Tommy Hunt - Interview
by Dave Goodwin
published: 14 / 11 / 2014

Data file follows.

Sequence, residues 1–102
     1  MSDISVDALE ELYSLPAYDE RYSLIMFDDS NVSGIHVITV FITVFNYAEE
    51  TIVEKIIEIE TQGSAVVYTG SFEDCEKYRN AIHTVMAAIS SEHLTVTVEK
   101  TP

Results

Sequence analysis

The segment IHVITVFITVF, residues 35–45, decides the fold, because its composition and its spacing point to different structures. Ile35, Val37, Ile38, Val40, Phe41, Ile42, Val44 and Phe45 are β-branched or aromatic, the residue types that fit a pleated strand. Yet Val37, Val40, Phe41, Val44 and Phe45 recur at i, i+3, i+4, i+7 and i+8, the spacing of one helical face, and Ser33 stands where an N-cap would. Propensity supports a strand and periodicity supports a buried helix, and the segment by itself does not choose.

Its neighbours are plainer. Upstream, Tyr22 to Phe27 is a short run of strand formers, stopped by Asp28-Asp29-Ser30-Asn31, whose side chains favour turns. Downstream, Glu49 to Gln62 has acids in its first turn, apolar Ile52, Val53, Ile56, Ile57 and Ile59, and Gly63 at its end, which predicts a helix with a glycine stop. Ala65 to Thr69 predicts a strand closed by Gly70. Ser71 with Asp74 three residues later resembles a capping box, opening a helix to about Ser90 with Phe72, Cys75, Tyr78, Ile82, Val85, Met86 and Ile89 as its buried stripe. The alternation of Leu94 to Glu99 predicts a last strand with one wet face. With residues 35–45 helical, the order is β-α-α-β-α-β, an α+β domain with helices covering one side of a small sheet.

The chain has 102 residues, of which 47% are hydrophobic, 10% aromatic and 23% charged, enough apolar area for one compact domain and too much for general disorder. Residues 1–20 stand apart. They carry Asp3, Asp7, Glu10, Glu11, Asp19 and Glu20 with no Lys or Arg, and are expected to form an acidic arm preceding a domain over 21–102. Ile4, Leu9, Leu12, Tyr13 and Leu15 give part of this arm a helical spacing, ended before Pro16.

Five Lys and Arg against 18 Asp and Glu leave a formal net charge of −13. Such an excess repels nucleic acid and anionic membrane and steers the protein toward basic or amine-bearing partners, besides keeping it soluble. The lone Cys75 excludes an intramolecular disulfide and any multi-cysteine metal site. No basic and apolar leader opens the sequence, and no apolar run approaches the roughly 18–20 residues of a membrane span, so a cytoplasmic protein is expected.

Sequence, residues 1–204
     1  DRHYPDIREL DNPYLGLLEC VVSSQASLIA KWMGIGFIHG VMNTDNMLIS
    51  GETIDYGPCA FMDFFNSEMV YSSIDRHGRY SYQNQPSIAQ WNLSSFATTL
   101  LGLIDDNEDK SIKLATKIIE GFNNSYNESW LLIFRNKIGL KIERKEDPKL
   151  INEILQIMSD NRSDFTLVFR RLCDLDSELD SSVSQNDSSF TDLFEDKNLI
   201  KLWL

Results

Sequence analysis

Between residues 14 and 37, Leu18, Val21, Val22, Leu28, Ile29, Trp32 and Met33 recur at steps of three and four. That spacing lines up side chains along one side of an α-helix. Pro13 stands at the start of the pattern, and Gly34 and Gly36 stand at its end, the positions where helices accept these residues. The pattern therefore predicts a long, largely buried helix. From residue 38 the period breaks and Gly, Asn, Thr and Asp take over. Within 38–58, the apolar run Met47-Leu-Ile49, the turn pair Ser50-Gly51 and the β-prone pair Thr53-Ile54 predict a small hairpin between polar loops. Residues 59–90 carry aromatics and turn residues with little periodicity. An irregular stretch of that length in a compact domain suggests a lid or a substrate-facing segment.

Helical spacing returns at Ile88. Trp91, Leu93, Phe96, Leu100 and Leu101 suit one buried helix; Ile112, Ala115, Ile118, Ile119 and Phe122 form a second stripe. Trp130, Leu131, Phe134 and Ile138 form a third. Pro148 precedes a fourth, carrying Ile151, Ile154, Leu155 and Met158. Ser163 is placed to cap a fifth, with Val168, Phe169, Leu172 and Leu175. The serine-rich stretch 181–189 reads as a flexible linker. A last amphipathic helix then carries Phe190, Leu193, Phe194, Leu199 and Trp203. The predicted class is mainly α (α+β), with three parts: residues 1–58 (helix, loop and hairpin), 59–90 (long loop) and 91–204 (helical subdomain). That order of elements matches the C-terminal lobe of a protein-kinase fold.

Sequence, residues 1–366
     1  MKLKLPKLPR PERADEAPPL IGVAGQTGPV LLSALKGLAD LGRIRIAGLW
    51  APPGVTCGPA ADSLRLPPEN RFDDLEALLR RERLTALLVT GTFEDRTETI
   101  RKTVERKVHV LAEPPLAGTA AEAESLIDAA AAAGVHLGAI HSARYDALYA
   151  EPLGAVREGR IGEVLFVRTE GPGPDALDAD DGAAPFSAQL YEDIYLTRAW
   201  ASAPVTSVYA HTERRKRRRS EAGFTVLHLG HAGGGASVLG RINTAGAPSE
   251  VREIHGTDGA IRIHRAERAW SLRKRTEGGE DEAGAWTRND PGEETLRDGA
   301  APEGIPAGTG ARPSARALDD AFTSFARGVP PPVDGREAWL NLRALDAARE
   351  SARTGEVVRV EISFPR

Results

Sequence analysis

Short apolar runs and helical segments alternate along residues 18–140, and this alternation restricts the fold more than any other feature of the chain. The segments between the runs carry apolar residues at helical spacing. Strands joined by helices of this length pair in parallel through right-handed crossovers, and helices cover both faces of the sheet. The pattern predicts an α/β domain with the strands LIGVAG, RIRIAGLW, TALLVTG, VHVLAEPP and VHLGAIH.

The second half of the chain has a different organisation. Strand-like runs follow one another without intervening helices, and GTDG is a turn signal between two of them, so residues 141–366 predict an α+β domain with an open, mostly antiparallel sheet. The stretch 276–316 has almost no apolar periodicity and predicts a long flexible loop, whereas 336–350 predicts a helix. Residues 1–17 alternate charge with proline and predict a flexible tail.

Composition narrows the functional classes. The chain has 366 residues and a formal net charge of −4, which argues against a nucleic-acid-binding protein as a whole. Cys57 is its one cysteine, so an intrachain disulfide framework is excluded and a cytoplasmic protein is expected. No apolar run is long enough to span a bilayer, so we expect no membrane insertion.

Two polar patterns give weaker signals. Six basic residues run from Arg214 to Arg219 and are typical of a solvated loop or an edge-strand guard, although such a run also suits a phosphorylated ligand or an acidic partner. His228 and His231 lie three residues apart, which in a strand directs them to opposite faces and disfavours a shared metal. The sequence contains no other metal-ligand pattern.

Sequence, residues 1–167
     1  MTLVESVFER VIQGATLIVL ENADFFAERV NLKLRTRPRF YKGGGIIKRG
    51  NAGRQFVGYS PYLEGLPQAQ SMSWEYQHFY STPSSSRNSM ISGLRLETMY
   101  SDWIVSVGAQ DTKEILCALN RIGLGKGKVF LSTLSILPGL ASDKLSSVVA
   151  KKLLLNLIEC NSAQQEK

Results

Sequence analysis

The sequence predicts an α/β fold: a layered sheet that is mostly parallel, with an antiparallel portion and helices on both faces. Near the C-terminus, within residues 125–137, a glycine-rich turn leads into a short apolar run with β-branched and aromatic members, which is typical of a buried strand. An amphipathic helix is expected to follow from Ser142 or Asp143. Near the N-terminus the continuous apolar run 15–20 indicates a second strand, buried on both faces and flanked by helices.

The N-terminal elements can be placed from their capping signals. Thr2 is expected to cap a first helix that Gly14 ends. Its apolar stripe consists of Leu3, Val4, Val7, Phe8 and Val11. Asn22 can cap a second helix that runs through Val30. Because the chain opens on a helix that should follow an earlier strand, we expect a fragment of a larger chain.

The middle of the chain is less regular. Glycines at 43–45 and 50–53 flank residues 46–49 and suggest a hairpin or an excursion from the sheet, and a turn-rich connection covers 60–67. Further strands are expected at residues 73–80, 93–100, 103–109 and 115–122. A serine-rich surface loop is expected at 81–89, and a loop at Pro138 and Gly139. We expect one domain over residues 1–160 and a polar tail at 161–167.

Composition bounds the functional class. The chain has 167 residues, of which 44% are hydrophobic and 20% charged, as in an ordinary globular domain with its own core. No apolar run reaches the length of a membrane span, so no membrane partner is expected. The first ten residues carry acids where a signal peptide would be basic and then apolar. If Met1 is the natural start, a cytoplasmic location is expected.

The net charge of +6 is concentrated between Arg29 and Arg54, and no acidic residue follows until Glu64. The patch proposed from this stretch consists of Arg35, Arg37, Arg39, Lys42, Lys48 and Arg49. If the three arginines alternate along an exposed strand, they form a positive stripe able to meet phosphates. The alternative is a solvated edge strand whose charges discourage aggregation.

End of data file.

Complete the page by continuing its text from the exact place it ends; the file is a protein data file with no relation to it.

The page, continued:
Dave Goodwin chats to Pittsburgh-born ex-Flamingos star and Northern Soul veteran Tommy Hunt about his lengthy career, and new double CD 'A Sign of the Times', which compiles together some of his 1970s' recordings